Working with projects¶
Anaconda Enterprise makes it easy for you to create and share interactive data visualizations, live notebooks or machine learning models built using popular libraries such Python, R, Bokeh and Shiny.
AE uses projects to encapsulate all of the components necessary to use or run an application: the relevant packages, channels, scripts, notebooks and other related files, environment variables, services and commands, along with a configuration file named
anaconda-project.yml. For more information, see Developing a project.
Project components are all compressed into a
.zip file to make the project portable–so it’s easier to store and share with others.
To get you started, Anaconda Enterprise provides several sample projects, including the following:
Anaconda Distribution for Python 2.7, 3.5 and 3.6
Minimal Python templates for versions 2.7, 3.5, 3.6, and 3.7
R notebooks & R Shiny apps
Matplotlib and HvPlots written in Jupyter Notebooks
Panel and HoloViz tutorials
Dashboards for Gapminder data set, oil and gas exploration, NYC taxi data, and attractor equations
TensorFlow apps for Flask, Tornado and MNIST trained data
Tutorial on the Intake data catalog package
Tutorials for database access and time series modeling
You can access them by clicking Sample Projects from the Projects view. To use a sample project as a starting point, you can copy it to your project list.
To work with a project, click on it or select View details from its menu in the list view. Then use the menu on the left as follows:
Click Session to open the project in the default editor. This is Jupyter Notebook, unless you’ve specified a different editor under Settings.
Click Deployments to view deployments initiated from this project.
Click Schedules to view and schedule deployments of the project.
Click Runs to view a list of all project deployments that have run based on a schedule.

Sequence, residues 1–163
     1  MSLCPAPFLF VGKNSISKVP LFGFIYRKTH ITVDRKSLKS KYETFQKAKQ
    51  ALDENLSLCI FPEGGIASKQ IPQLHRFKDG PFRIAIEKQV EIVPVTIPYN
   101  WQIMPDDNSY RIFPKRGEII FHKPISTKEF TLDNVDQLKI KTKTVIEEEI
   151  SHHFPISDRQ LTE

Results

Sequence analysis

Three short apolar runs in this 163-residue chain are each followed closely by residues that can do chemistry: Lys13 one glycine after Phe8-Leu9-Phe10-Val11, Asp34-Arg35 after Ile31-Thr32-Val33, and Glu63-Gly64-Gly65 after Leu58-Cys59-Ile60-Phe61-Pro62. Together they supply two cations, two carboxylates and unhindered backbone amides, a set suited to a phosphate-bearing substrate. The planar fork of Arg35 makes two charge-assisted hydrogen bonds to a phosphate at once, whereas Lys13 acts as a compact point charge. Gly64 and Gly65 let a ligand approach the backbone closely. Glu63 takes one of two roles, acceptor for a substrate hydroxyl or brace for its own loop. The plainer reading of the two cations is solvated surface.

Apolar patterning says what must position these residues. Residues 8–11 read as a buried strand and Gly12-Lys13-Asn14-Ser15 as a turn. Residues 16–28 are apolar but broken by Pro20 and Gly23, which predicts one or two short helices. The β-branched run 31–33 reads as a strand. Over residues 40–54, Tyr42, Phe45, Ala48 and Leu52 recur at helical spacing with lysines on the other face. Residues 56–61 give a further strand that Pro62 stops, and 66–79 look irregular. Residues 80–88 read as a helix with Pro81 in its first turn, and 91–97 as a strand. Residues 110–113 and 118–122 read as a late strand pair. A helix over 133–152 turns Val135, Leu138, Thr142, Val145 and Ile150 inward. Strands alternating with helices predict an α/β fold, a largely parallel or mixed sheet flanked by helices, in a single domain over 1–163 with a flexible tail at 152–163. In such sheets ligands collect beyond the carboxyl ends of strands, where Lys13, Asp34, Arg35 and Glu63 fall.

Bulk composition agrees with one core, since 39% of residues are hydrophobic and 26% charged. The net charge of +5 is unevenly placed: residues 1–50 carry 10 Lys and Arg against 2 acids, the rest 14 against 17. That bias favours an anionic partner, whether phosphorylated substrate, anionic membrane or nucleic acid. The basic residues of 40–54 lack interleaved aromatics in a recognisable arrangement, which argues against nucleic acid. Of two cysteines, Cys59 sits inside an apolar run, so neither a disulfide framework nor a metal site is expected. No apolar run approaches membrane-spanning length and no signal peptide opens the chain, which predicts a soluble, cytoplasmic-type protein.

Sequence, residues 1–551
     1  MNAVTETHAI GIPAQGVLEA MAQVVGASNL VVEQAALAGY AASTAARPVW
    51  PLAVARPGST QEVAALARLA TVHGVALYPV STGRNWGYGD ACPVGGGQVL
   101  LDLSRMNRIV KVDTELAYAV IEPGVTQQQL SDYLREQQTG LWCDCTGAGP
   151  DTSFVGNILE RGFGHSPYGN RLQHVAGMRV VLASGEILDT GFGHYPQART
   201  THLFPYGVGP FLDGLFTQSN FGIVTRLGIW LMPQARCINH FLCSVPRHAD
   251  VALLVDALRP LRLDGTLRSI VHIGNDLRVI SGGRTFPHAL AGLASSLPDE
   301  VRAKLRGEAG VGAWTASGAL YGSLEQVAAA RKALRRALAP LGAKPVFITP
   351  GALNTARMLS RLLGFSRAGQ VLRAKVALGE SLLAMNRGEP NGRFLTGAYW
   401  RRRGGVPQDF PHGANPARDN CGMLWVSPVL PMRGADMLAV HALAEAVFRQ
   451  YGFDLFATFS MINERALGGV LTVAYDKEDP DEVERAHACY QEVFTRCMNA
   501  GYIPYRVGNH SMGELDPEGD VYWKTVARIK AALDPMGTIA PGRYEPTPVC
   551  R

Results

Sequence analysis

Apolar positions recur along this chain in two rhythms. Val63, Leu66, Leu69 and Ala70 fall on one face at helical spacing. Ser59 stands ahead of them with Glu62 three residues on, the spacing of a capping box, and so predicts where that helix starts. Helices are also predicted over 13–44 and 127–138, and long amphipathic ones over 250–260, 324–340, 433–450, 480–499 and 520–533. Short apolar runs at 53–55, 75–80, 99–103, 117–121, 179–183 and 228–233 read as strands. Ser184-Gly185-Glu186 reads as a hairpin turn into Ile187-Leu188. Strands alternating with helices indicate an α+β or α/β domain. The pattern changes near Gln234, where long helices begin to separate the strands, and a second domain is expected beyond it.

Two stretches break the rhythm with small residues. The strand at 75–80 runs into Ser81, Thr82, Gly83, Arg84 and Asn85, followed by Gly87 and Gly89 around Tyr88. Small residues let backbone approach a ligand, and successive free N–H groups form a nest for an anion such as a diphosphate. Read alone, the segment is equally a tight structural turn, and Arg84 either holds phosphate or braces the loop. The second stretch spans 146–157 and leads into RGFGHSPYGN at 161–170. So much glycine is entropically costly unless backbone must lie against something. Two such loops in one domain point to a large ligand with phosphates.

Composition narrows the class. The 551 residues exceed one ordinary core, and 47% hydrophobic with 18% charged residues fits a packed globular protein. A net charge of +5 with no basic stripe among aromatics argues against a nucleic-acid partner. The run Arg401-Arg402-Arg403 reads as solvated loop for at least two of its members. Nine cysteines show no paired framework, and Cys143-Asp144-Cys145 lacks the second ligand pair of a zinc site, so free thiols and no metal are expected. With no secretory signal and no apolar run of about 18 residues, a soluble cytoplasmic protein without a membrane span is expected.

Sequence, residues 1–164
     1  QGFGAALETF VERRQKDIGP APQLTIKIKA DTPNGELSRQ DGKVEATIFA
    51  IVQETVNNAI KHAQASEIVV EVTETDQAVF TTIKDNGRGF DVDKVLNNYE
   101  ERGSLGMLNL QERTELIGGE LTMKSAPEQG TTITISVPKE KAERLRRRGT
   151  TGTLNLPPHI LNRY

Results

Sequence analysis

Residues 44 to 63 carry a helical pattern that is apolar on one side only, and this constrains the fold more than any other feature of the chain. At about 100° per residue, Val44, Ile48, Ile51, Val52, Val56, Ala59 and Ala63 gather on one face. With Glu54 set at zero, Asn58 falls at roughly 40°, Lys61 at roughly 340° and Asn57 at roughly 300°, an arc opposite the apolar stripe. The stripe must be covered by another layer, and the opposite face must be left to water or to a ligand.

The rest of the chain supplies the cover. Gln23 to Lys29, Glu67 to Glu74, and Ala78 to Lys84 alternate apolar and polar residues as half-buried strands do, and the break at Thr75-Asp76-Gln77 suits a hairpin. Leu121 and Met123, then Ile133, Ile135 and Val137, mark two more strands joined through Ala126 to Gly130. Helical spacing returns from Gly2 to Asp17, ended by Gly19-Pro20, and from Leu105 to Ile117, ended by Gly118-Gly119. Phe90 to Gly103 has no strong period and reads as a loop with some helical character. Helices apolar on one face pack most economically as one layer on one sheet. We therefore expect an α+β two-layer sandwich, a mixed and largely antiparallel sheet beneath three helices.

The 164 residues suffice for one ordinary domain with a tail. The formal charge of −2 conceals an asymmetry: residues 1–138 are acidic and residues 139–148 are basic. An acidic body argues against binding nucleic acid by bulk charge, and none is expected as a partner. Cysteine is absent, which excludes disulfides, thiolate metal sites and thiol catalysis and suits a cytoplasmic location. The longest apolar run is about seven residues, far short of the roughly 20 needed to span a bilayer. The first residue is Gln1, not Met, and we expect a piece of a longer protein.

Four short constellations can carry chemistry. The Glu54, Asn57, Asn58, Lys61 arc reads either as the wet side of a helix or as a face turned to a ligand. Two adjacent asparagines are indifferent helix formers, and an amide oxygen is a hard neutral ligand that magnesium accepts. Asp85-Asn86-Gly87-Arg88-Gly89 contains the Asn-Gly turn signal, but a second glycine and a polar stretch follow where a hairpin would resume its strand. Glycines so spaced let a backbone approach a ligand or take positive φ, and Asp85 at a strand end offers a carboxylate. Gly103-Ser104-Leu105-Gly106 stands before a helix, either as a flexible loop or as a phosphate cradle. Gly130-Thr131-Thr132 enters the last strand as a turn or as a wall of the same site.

Click Share to share the project with selected collaborators.
Click Audit Trail to view a list of all actions performed on the project.
Click Settings to change the default editor–Jupyter Notebook–for the project. For example, if you prefer to work with Apache Zeppelin or JupyterLab, choose it as your default editor.
You can also select a resource profile that meets or exceeds your requirements for the project, or delete the project.
Deleting a project is irreversible, and therefore can only be done if it is not shared.
If the system gets overloaded and there are issues copying, opening, or saving changes to a project, the platform will visually notify you by displaying it in red—in addition to generating a text notification. We recommend you check the notifications in the Audit Trail for additional information about the error, or delete the project and try again.
You can also create new—or upload existing—projects to add them to the server.
To update the project repository with your changes, you commit your changes to the project.
To maintain performance, there is a 1GB file size limit for project files you upload. Anaconda Enterprise projects are versioned using Git, so we recommend you commit only text-based files relevant to a project, and keep them under 100MB. Binary files are difficult for version control systems to manage, so we recommend using storage solutions designed for that type of data, and connecting to those data sources from within your Anaconda Enterprise sessions.
If your organization would prefer to use its own supported external version control repository, your Administrator can configure Anaconda Enterprise to use that repository instead of the internal GitHub server. After they do so, you will be prompted for your personal access token before you create your first project in Anaconda Enterprise. We recommend you create an ever-lasting token, so you can retain permanent access to your files from within Anaconda Enterprise. See Configuring your user settings for the permissions that must be set for your auth token, and the steps to configure connectivity to your version control repository.